Distractions Not Associated with Working Memory Impairment in Schizophrenia
the Psychiatry Advisor take:
Cognitive impairment is readily seen in patients with schizophrenia due to deficits in what is known as working memory (WM) capacity. Although this has been known for some time, the exact cause of WM deficit remains poorly understood.
Researchers at the Maryland Psychiatric Research Center at the University of Maryland School of Medicine, led by Molly A. Erickson, looked at whether selection attention impairments contributed to capacity development. They used experimental paradigm that assesses the role of selective attention in WM encoding and has been shown to involve the prefrontal cortex and the basal ganglia.
In the first experiment, participants were required to remember the locations of three or five target items (red circles). In another, three target items were accompanied by two distractor items (yellow circles), which participants were instructed to ignore.
People who had schizophrenia showed impairment in being able to locate the target items, though both those with and without schizophrenia showed no difference in their ability to filter the distractors, according to data published in Schizophrenia Bulletin. The same was seen in the second experiment.
“Taken together, these results demonstrate that reduced WM capacity in [people with schizophrenia] is not attributable to a failure of filtering irrelevant distractors,” the researchers concluded.
Distractions Do Not Contribute to Memory Impairment in Those With Schizophrenia
Sign Up for Free e-newsletters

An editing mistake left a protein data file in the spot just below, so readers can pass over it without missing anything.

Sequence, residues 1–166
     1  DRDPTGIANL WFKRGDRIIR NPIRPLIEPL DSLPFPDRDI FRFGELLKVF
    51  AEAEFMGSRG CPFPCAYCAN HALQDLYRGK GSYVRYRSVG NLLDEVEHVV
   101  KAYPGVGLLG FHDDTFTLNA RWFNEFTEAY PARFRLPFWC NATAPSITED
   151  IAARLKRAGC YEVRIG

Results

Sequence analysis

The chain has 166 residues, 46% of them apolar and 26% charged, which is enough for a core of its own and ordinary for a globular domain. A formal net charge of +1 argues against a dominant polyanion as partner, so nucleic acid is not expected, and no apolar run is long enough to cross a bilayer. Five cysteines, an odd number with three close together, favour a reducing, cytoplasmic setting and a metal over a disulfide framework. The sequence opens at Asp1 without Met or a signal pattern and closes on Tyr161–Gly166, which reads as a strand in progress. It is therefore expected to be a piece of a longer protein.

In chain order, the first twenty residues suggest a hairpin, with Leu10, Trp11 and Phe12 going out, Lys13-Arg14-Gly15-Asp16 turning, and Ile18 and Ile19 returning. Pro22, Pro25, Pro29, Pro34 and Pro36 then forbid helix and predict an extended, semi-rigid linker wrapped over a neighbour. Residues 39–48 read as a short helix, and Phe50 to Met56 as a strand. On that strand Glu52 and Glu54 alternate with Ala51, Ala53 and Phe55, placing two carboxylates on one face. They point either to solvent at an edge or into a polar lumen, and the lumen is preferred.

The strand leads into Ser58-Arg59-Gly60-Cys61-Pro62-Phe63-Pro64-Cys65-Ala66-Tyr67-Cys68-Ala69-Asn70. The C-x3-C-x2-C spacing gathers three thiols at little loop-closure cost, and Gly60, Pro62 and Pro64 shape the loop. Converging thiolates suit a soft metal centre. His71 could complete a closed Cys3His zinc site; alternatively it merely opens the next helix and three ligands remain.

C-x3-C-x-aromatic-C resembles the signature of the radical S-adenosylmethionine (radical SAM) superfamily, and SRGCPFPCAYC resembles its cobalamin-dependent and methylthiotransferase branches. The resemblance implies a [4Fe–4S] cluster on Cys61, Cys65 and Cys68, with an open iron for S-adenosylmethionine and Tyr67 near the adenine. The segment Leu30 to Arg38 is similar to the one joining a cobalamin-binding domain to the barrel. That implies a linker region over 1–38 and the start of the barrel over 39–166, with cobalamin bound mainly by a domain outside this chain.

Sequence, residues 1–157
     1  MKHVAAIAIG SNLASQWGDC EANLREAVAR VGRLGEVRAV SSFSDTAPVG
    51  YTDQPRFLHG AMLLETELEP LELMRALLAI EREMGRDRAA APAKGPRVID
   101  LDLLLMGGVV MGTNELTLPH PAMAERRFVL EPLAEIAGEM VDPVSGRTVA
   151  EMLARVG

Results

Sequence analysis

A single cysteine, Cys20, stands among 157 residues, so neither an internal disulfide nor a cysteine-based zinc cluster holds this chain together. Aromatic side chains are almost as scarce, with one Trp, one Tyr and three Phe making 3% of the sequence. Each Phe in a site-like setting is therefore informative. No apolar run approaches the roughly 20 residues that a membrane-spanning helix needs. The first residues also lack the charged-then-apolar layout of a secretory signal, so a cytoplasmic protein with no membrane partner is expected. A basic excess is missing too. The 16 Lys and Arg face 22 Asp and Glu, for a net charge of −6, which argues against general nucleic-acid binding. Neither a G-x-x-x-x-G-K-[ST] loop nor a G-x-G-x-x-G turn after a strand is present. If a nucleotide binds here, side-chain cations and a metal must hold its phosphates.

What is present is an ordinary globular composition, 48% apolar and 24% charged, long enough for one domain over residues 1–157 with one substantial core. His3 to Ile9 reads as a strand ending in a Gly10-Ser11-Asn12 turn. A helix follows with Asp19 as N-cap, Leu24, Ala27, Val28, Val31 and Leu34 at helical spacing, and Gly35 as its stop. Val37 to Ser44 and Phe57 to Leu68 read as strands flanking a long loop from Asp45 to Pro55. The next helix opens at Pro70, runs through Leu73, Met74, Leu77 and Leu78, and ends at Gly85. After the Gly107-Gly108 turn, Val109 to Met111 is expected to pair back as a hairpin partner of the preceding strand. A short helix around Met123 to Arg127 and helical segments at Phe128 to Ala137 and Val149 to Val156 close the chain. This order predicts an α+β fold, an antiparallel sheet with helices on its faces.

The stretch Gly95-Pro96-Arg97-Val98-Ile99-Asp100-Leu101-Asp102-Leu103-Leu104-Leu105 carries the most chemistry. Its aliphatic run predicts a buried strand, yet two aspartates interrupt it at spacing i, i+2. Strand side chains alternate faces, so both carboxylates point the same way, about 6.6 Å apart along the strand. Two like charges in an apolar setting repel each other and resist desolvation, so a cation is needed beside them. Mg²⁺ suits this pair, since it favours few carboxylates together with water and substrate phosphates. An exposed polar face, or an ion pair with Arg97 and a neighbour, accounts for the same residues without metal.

Psychiatry Advisor Articles
- Adjunctive Therapies for Bipolar Disorder Show Promise, Need More Evidence
- Improving Performance of Everyday Activities Is Critical in Schizophrenia
- Analysis Finds Lithium Maintenance Most Effective as Monotherapy in Bipolar Disorder
- Web-Based Intervention Targets Parental Behaviors That May Affect Adolescent Anxiety, Depression
- Abnormalities of Cortical Thickness in Bipolar Disorder With Auditory Hallucinations
- The Way to the Head May Be Through the Gut: Probiotics for Depression
- Suicide-Screening Toolkit Can Help Identify Youths at High Risk for Suicide
- Agoraphobia: An Evolving Understanding of Definitions and Treatment
- Parental Pressure to Diet Linked With Long-term Harm in Adolescents
- Does Access to Medical Cannabis Reduce Risk for Opioid Abuse?
- Antidepressants Increase Seizure Risk in Youth and Severely Depressed
- Examining Associations Between Diabetes and Effects on Cognition
- Untreated Depression Common in Women of Childbearing Age
- Incidence of Psychiatric Disorders in Rheumatoid Arthritis
- Effect of Antidepressant Class, Dose on Pediatric Anxiety Disorders